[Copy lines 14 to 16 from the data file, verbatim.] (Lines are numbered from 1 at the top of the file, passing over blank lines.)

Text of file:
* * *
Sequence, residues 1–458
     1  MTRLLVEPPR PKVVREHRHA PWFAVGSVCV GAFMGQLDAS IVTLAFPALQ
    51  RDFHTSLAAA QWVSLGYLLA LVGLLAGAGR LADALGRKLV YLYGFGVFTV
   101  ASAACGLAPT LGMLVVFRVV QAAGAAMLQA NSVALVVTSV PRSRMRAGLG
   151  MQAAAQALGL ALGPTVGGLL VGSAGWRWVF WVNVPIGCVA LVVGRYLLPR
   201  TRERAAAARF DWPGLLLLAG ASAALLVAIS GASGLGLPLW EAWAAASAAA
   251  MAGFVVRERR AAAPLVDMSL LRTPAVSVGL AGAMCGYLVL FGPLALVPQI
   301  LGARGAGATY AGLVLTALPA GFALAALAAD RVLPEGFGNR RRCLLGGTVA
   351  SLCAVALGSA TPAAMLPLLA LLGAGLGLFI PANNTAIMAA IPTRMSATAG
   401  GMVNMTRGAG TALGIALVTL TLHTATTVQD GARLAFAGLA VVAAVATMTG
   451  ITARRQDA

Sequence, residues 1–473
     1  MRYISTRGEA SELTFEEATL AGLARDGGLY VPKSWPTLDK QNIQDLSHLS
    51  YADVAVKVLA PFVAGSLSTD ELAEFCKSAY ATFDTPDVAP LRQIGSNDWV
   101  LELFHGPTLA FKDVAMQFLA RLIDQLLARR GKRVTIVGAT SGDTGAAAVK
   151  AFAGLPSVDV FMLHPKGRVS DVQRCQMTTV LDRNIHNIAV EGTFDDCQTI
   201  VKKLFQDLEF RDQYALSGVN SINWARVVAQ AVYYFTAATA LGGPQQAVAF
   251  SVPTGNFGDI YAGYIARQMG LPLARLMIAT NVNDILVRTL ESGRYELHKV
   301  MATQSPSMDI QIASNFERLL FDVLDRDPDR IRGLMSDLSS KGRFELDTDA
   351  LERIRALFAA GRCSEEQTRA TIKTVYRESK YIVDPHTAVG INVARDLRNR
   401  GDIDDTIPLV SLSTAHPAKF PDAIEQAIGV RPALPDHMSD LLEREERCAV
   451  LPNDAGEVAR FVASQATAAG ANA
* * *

    51  YADVAVKVLA PFVAGSLSTD ELAEFCKSAY ATFDTPDVAP LRQIGSNDWV
   101  LELFHGPTLA FKDVAMQFLA RLIDQLLARR GKRVTIVGAT SGDTGAAAVK
   151  AFAGLPSVDV FMLHPKGRVS DVQRCQMTTV LDRNIHNIAV EGTFDDCQTI